It is hard to admit when you’re wrong. See what I did there? YOU are not the problem in the difficult topic I want (not really) to discuss. I am. Or at least I was.
And I was seriously wrong about something particularly important. Something so integral to success in grant-seeking that it held me back when I wrote my first applications, lo, those many years ago. Dear reader, I am dancing around the basic concept of just how important budgets are, and how insignificant I considered them to be. And was I wrong?!
I cannot remember a time when I wasn’t reading. Books helped build my world, language and then writing made such sense, felt so familiar and right. But math and numbers? Not so much. Why reduce fractions, solve quadratic equations, or practice long division in my head when all I had to do was keep turning pages to visit different worlds, to learn about ways of doing and being, to experience stories.
By the time I started college, something warm and wonderful in the universe had helped me score high enough on testing so that I never had to take a math course in college. So, I didn’t. Like more grant writers, I wound my way through life experiences until I found that I could use my writing abilities to get money to help make good things happen. It felt good. It felt right.
For years, though, I dreaded the budget portion of grant proposals. Chasing down program directors for details, fighting to keep my eyes from glazing over as I attempted to understand accounting speak around indirect costs. Words were what mattered, I told myself. Clear, concise, compelling writing IS crucial to winning grants. But what if the numbers and line items in the project budget don’t match all those beautifully precise words. Then, you don’t have a grant—you have a nice essay. That’s not what gets the grant awards and helps to change the world for the better.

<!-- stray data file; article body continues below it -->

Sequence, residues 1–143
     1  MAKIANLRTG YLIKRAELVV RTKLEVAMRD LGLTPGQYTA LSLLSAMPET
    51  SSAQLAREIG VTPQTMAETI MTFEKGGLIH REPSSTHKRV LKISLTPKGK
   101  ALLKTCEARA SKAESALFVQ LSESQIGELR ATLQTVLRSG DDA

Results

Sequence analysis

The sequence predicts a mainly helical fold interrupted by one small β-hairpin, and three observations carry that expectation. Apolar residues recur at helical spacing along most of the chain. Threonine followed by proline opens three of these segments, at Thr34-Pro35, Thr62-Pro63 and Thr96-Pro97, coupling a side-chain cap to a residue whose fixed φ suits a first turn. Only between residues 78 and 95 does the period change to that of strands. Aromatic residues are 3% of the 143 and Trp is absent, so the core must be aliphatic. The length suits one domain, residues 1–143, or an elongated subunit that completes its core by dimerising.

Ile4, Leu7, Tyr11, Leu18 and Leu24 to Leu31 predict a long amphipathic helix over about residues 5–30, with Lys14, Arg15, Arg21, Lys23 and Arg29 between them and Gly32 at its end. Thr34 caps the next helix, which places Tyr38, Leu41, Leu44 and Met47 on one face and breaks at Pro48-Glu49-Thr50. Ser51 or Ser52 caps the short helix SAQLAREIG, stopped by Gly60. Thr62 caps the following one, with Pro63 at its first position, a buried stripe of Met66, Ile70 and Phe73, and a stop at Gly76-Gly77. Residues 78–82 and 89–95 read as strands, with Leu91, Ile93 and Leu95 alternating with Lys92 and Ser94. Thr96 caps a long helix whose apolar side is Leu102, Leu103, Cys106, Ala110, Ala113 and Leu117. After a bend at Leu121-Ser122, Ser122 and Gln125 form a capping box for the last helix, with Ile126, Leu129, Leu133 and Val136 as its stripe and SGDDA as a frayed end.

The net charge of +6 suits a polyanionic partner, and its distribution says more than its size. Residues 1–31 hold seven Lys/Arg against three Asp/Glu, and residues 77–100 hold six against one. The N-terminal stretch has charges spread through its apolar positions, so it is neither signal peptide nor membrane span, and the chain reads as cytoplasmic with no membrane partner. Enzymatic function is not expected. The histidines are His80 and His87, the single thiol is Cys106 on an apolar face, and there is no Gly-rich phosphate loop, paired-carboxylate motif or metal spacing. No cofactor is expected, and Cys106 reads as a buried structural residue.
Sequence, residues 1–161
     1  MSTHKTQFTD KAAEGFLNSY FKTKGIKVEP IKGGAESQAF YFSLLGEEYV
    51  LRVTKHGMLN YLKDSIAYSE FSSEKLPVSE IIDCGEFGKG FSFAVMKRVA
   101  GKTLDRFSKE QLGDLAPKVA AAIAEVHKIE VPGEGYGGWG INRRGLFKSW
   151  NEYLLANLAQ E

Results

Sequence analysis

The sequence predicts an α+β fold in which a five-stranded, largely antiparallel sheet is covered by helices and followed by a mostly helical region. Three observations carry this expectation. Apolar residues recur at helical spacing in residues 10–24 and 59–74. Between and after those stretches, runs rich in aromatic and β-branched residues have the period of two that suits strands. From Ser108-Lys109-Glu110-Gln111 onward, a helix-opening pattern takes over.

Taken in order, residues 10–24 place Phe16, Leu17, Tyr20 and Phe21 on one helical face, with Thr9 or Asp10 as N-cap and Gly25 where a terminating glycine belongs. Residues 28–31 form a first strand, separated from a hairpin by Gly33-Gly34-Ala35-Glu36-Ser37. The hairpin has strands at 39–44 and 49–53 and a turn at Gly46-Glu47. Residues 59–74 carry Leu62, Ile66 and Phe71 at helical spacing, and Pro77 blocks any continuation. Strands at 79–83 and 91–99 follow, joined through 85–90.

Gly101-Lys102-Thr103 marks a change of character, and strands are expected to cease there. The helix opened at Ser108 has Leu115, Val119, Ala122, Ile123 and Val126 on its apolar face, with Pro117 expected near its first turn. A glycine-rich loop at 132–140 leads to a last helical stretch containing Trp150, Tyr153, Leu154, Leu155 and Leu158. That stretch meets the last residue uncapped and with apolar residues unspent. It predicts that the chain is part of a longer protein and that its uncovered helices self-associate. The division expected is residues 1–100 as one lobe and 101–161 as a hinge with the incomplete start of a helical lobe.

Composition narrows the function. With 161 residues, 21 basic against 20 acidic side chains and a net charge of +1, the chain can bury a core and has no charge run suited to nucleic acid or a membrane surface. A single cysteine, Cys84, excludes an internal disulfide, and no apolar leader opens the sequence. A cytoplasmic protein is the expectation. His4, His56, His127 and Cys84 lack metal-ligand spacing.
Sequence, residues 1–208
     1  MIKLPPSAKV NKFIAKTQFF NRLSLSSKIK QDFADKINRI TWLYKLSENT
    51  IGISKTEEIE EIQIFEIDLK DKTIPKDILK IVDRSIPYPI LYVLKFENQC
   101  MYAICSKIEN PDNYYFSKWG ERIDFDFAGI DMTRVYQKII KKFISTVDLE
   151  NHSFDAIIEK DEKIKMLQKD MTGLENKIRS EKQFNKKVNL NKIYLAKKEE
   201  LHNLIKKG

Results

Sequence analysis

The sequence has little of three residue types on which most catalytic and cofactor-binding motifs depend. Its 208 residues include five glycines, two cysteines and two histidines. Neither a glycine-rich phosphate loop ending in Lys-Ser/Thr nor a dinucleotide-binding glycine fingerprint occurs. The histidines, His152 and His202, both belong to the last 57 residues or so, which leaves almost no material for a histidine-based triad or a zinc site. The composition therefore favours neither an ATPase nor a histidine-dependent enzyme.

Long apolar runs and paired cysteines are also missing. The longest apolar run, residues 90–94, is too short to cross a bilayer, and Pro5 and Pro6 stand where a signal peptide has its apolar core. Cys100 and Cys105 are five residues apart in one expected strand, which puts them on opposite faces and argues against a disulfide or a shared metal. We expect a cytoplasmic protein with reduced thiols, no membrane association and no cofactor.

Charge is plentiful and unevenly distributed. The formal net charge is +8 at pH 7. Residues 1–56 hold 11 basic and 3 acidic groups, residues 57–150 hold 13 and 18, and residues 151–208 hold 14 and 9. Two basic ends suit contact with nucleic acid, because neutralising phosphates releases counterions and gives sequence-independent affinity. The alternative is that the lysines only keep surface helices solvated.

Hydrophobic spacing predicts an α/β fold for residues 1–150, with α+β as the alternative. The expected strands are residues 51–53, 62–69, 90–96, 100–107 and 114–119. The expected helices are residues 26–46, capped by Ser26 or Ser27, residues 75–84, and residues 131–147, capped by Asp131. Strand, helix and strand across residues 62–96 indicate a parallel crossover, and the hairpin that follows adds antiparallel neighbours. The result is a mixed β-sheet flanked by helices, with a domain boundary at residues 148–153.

For the gory details of how I saw the light and became a budget booster to the point that I now begin grants budget first, check out the latest episode of the Fundraising HayDay podcast here: Better Budgets Win More Grants (podbean.com). My cohost Amanda Day and I are both confirmed bibliophiles, but we offer practical suggestions on building budgets that make sense and get grants.
Nothing brings a new program together or shows its potential flaws more than discussing what or who is needed to make it happen, and how much it will cost. Budgeting is a team sport. Working with a program or project expert AND the CFO or staff accountant bridges gaps of information or data and strengthens the entire proposal. Involving these experts early in grant development also helps dispel the notion that the responsibility for the entire grant process from conception to management rests on the grant professional’s shoulders. It may seem strange to read these words from a confirmed introvert, but “playing” well with others is essential to winning the grant. More importantly, including everyone involved—the community served, program staff, finance team and you, dear grant pro, truly helps create positive change.
Finally, clutch your pearls and swoon, because I may have exaggerated my numbers aversion ever so slightly. Shocking, I know. Dear reader, I loved reducing fractions, distilling them to their essence. And that’s what I love about budgets. In a strange way, budgets are the essence of how a program or project works. Budgets are the poetry, and program descriptions are the prose. And grant professionals are the lucky few who weave words with numbers to help transform our communities.